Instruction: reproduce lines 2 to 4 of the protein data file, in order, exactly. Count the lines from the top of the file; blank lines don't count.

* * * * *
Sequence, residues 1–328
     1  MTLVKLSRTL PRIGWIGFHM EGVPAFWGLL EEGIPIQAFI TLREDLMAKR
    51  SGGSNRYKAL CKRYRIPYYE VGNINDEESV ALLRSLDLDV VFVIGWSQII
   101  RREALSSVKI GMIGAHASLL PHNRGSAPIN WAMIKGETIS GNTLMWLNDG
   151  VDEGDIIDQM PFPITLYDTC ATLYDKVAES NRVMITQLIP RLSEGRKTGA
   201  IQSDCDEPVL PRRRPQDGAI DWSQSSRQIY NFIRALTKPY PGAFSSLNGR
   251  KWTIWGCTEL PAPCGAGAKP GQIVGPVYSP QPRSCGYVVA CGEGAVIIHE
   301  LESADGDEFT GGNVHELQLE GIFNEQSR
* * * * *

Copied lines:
     1  MTLVKLSRTL PRIGWIGFHM EGVPAFWGLL EEGIPIQAFI TLREDLMAKR
    51  SGGSNRYKAL CKRYRIPYYE VGNINDEESV ALLRSLDLDV VFVIGWSQII
   101  RREALSSVKI GMIGAHASLL PHNRGSAPIN WAMIKGETIS GNTLMWLNDG